A Titan Arum coming into flower is as rare as it is spectacular. A plant can go for many years without flowering, and when this special event happens, the bloom lasts only one or two days. Some people travel around the world hoping to see a Titan at the moment it flowers. For botanists and the public, being “in the right place at the right time” to see one of these magnificent plants in bloom can be a once-in-a-lifetime treat. There have been only 150 recorded bloomings since records began.
What is truly remarkable about this plant is that it is one of the largest, rarest and possibly smelliest flowers you could ever encounter. The first European to discover the monster plant was Italian botanist and explorer Dr Odoardo Beccari in Indonesia in 1878. These massive and dramatic plants are endangered in the wild as their natural habitat is suffering from human development and encroachment and their long lifespans and rare blooming cycles make them poorly adaptable to the quickly-changing environment once man moves in. Nobody knows how many currently exist in the wild.
The plant begins its life as a large tuberous root, called a corm, which can weigh up to 200lbs. The corm grows and stores energy for up to ten years before being ready to flower. When it does, a central spike grows, rising at up to six inches per day before reaching a maximum height of 9 feet. During this growing phase, its appearance is rather like that of a giant ear of corn. When the growth slows down to less than an inch per day, it is getting ready to bloom. The scientific name Amorphophallus titanum, means ‘huge deformed penis’; its Indonesian common name, bunga bangkai, roughly translated means ‘corpse flower’.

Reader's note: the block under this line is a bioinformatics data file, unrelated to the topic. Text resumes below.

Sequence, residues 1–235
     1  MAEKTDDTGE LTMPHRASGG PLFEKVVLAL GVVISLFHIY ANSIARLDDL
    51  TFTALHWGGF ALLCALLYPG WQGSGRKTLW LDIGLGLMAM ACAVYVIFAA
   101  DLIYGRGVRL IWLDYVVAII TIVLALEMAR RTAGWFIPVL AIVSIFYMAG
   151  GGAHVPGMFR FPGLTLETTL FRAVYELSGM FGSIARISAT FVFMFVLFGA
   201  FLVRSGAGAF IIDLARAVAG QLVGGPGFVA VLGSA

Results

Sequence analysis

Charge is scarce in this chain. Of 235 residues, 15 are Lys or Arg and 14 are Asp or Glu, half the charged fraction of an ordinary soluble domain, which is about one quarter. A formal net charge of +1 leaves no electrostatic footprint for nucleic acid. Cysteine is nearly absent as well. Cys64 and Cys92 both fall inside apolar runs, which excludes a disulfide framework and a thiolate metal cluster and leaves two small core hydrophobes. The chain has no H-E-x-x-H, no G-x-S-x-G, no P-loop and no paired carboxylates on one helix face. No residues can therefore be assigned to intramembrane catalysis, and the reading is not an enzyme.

The popular name titan arum was invented by the broadcaster and naturalist Sir David Attenborough for his TV series The Private Life of Plants, in which the flowering and pollination of the plant were filmed for the first time. Attenborough felt that referring to the plant by the latin name Amorphophallus on a popular TV show could be misinterpreted.
When fully opened, the gigantic flower looks like an upturned bell with frilly edges and a thick clapper in the middle. Opinion about the stench emitted by the plant is generally negative. It can remind you of rotten eggs, fish, meat, and even cheese. This is caused by sulfur compounds.
The flower first opens at night, and becomes so hot it steams, one unusual feature of this plant being that it produces heat by itself. During the unfurling of the spathe through the hours-long production of its dreadful scent, a specimen in a California hothouse raised its temperature from 68 to 90 degrees Fahrenheit, which further transmits the foul plant scent, helping to deceive carcass-eating insects into visiting the flower. As they crawl in, the outer leaf closes and traps them inside. After the male flowers discharge their pollen, it opens again, and in their haste to get away, insects rub the pollen onto the female flowers as they pass. After fertilization, beautiful bright red fruits the size of olives appear.
After only three days, the flower dies away, but that is far from the end of the story. The single leaf produced by the tuber grows into a tree-like plant that can grow to 20ft tall and spread 15ft across, enabling the corm to begin storing energy again to be deployed years down the line.
This truly remarkable denizen of the plant world is really something to see when in flower, and announcements are made by the keepers, like those at Kew Gardens, well in advance. Do try to get along and see this incredible flower when next the opportunity arises, because they really are few and far between. The biggest, rarest, smelliest flowers on Earth. Now what more could you ask?